First up: The Cabled Kanga Tunic. For the life of me, I cannot figure out why there are only 2 people knitting this on Ravelry (me included). I think it's one of the most unique pieces in the latest Knitscene, which is what attracted me to it in the first place. The yarn I chose was the Berroco Peruvia the pattern called for (not heinously expensive, by the way) and the color is the prettiest purple. It's practically a neutral its so muted, but when you're up close you can see the heathering of the yarn, and variations of pink, blue, and yellow come out. Gorgeous.

The pattern has been pretty easy thus far. Despite some ambiguity in when to decrease toward the top, it's been no problem. This is just the back of it though, which I have about 15 more rows on and it will be DONE and I can start the front, with the very exciting, very adorable pocket. So, of course, being this close to completing something, what do I do?

Cast on for this cowl. It's the State Fair yarn. The pattern is a lace repeat the is worked on decreasing needle sizes (8 to 7 to 6 to 5). Unfortunately the hairy mohairy-ness of it all is making it slightly difficult to keep track of where I am within the repeats, and I've had to frog some rows (the whole thing after the first repeat, ugh).

So that naturally being frustrating (though looking very pretty) I merrily moved along to this:This is my swatch for my Heather Hoodie Vest. In a freakish moment of luck, I got stitch gauge perfectly, but row gauge was slightly off. It shouldn't be a problem though, since the pattern is mostly based on measurements and blocking. In any case, I cast on for that, promptly got pissed at the cable pattern (a set up row mistake, plus lame symbols) and moved on. I don't have a photo of the scarf I've been knitting on the bus though (a post in itself) so maybe I will post that when I write about my bus experiences. Suffice it to say, another thing was in the mix. I also bought yarn/swatched for the Emerald Isle Cardigan, but my stitch gauge was way off, and that puppy is tight enough already.

Today, I am going to finish my second handwarmer, goddamit!

Thursday, September 10, 2009

I tend suffer from project ADD most of the time, which means if something takes a long time, I am very likely to get bored of it after a while.

Exhibit A: The baby blanket.

Even though this should have only taken me about three days to make, working on it exclusively, it took me about two weeks due to boredom (though on day four and 3/4 of the way I realized that I had a huge fail side and frogged the whole thing and started again). The second time around everything was much straighter (I just kind of flopped it down to take a picture, so don't be mislead).

I still haven't decided if I'll put flowers or any other embellishments. I'm waiting for some inspiration. I have two months before I'll be seeing my cousin, so I definitely have some time.

I find the perfect remedes to project ADD are hats. They can be challenging and interesting and take much less time then other projects.

So I have two to show, though I've made four in the past three weeks (and some other things, but I'm waiting for pictures from the people I gifted them to).

First up: The Durango

I need to put up some embellishments on this one as well, but I don't think it looks unfinished without them. I usually prefer slouchier hats, but I like the vintagey-ness of this pattern.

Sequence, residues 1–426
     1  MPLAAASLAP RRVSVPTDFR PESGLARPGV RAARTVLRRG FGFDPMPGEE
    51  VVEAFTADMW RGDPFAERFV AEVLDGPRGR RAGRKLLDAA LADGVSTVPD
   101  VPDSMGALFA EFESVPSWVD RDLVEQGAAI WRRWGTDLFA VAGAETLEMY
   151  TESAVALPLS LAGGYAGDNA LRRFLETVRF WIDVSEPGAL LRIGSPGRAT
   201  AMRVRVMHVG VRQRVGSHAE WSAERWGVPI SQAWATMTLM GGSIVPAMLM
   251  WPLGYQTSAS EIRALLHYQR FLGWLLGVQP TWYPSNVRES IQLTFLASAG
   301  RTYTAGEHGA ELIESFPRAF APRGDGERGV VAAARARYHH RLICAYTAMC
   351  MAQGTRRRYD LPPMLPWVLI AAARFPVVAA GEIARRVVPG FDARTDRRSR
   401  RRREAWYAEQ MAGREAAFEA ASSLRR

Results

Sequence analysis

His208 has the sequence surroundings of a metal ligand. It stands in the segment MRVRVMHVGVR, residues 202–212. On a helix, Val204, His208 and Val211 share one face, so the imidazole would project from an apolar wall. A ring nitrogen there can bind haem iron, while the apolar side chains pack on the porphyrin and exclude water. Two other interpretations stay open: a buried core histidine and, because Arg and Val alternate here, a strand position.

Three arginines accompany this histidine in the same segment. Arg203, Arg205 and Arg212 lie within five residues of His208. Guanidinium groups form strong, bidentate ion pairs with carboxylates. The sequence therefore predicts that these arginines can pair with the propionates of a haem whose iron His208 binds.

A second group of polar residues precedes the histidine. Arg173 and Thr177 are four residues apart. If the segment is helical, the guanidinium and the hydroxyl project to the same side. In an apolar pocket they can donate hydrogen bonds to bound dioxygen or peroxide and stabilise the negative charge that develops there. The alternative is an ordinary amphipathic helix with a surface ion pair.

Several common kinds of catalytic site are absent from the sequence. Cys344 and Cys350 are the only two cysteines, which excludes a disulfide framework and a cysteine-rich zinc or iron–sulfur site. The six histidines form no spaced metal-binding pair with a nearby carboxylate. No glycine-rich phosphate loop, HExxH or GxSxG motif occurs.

Next: The Retro Rings Tam

I fell in love with this hat as soon as it was completed, no lie. I think the yarn is partly what did me in. I think its Red Hart: Collage. I totally missed a row while I was crocheting it, but I don't think it's lacking anything. I'll definitely be wearing it most of the time this fall.

I've decided to not allow myself to crochet for at least a month, because it's been ages since I've knitted.

First on my knitting list is this pretty vest.

That's all for now, hopefully next time I'll post all those things I gifted.

Friday, September 4, 2009


So knitting time has been greatly reduced lately by the insanity that is moving. We moved into a new apartment, subleasing from a professor. However the good thing about that is that I get my own space dedicated solely to my crafting. For starters, my sewing machine is finally set up.

Here it is in all its glory, surrounded by a mountain of my acrylic yarn, 99% of which I got for free from my grandmother. Unfortunately, none of it is really worth putting any significant time into it. However, I was able to crochet Andrew and his friend two pretty sweet Renaissance caps for the festival they're working at from the brown yarn (each during two wine-filled evenings).

In any case, it's not sweater or hat or really even scarf yarn. I'm thinking pom-pom rug.

Thoughts? Suggestions?

Next up we have a very special place for my actual stash, which is so beautifully remaining contained in a single tub of yarn, with my needle box on top of it (aka, the floor).

What has been knit with this recently though? Aha! Moving and unpacking also bring out things that got buried under mountains of stuff, and today's find was (*drum roll*) my first pair of socks, made of Cascade Yarn that I got in a local yarn shop during one of my "reconnaissance missions" (on sale) when I first moved here.

Naturally they're for Andrew, as I've been diligently working away on "pretty socks" for myself made out of sock weight yarn that will probably be finished some time in the next year. But I wanted to give some quicker socks a try and this is what I came up with.

I think he wears them well. Stay tuned for a tunic update.